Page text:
PUT ON A HAPPY FACE:: HAPPY DIGITAL CHARACTERS SELL PRODUCTS BETTER THAN SAD ONES
COLUMBUS , Ohio – Even in the digital world, people respond to the expression of a computerized face.
New Ohio State University research suggests that the simulated emotions of digital characters on web sites might have a real impact on the potential customers that view and interact with them.
The study, appearing in the International Journal of Human-Computer Studies, found that digital characters might be better merchants if they act consistently happy, even if the products they're selling—such as novels—are heart-wrenchingly sad.
Li Gong , an assistant professor of communication who conducted the research, believes his study of digital characters is important for many applications, especially electronic commerce, learning, and entertainment.
Many Web sites feature digital human-like characters, also called avatars or agents. These digital humans can help put a face on Web sites that sell products. Although the characters can “read” text with a certain emotion, such as happy or sad, they can't automatically detect emotion from sentence to sentence with today's technology. And that can affect how well they perform..
Gong's research suggests people are more influenced by happy characters.
Gong believes the work might also significantly impact the computer gaming industry, which uses countless computer characters. “People playing these games want characters to have emotion,” he said. Gong believes the explanation for this desire is that “emotion is an indispensable element in human communication” and is becoming more essential as the use of digital characters grows.
The research involved the emotionally expressive character called “ Baldi ,” an animated human face who can also talk using text-to-speech software. Baldi, created by the Perceptual Science Lab at the University of California, Santa Cruz, can synchronize its lips perfectly to a passage of text while reading aloud in a way that conveys a specific emotion.
In this study, one “sad” version of Baldi consistently frowned and sounded sad while reading both sad and happy book reviews for participants. Another “happy” version always smiled and sounded happy while reading both happy and sad book reviews for other participants. The happy Baldi spoke quickly with a high voice and with more range in pitch while the sad version spoke in a lower, slower tone with little change in pitch.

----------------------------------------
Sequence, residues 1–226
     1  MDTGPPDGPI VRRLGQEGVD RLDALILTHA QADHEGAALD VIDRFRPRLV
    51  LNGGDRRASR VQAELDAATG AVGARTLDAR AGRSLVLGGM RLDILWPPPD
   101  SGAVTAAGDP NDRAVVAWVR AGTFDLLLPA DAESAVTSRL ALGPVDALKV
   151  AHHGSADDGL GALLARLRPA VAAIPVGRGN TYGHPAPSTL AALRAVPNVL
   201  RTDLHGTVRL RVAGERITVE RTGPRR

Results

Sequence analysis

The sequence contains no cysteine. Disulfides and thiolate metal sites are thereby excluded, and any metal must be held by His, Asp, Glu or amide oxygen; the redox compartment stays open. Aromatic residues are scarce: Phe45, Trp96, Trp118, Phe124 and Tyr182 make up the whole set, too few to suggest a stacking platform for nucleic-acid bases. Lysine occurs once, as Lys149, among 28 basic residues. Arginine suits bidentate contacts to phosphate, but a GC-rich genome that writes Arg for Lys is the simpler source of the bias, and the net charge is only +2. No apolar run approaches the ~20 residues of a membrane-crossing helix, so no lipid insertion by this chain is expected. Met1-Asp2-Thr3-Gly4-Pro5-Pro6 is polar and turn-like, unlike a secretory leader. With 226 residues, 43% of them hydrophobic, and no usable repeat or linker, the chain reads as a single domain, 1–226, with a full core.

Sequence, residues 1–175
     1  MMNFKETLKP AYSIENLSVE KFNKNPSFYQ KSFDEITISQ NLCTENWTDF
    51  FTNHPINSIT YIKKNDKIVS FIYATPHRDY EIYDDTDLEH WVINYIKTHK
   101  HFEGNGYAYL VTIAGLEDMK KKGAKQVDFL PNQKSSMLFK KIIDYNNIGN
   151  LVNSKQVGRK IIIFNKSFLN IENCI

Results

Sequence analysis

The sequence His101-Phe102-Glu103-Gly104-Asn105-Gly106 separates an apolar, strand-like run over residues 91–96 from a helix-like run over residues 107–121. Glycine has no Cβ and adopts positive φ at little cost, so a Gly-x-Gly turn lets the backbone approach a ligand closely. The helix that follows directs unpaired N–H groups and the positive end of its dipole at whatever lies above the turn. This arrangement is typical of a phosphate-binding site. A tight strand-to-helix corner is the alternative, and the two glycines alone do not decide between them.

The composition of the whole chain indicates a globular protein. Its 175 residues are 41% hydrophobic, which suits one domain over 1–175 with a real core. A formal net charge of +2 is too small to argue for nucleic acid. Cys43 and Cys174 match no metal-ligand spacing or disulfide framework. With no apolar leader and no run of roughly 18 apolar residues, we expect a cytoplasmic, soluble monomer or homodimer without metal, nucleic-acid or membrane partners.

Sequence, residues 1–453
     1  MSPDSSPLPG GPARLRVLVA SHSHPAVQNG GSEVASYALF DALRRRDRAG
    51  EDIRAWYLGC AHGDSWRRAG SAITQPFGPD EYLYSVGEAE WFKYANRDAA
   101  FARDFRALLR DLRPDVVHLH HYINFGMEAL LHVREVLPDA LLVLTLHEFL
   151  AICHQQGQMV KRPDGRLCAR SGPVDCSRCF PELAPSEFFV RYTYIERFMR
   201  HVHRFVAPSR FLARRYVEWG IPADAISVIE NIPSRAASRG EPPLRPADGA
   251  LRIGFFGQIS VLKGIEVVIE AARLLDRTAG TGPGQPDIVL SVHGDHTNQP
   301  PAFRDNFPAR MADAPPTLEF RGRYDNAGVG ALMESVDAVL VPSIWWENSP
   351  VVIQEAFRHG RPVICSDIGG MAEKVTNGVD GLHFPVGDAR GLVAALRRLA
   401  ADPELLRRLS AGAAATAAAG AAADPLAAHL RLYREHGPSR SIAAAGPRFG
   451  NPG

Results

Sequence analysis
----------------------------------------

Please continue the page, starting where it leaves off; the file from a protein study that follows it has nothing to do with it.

When it came to having Baldi read reviews, Gong found study participants preferred the “happy” version compared to the “sad” talking face, regardless of whether the actual book review was happy or sad.
“When a digital character can't pick up emotional cues in text, it's better to be happy, even if the topic or product is sad,” Gong said. “The age-old idea that positivity outweighs negativity also applies here.”
But the reactions of putting on a happy face didn't end there. “Participants said they were more likely to read a book presented by the happy face compared to the sad one,” Gong said. The participants liked a happy Baldi more, felt it was more competent, and trusted it more than they did a sad version.
Although participants' responses to Baldi were lukewarm overall, Gong believes the happy face's stronger influence is an important finding. “Baldi is a laboratory version that looks quite strange. It's not a customer-friendly version,” Gong said. “But this fact makes the findings more powerful because people should react more strongly to realistic-looking characters you find on the Internet.”
While the research has immediate applications for talking faces, Gong is already looking into other aspects of digital characters.
In an upcoming study to be published in the April issue of Human Communication Research , Gong and Stanford University's Clifford Nass looked more closely at the humanness of characters. The researchers mixed and matched Baldi's face and a real person's videotaped face with a human voice or computerized voice.
The results? Mismatched talking faces—such as a human face speaking with a computerized voice or a computerized face speaking with a human voice—made participants less likely to share personal information compared to consistently matched versions.
As for the future, Gong is currently researching digital humans in the context of race. He believes investigating how people perceive the race of digital characters will shed new light on understanding the strengths and boundaries of racial beliefs and attitudes.
“Digital characters are becoming increasingly important as more kids grow up with computers,” Gong said. “Over a decade ago people started paying attention to digital beings. There's been a strong linear expansion of their use that we can't ignore.”
Contact: Li Gong, (614) 247-8435; email@example.comWritten by Dave Mosher, (614) 247-8362; firstname.lastname@example.org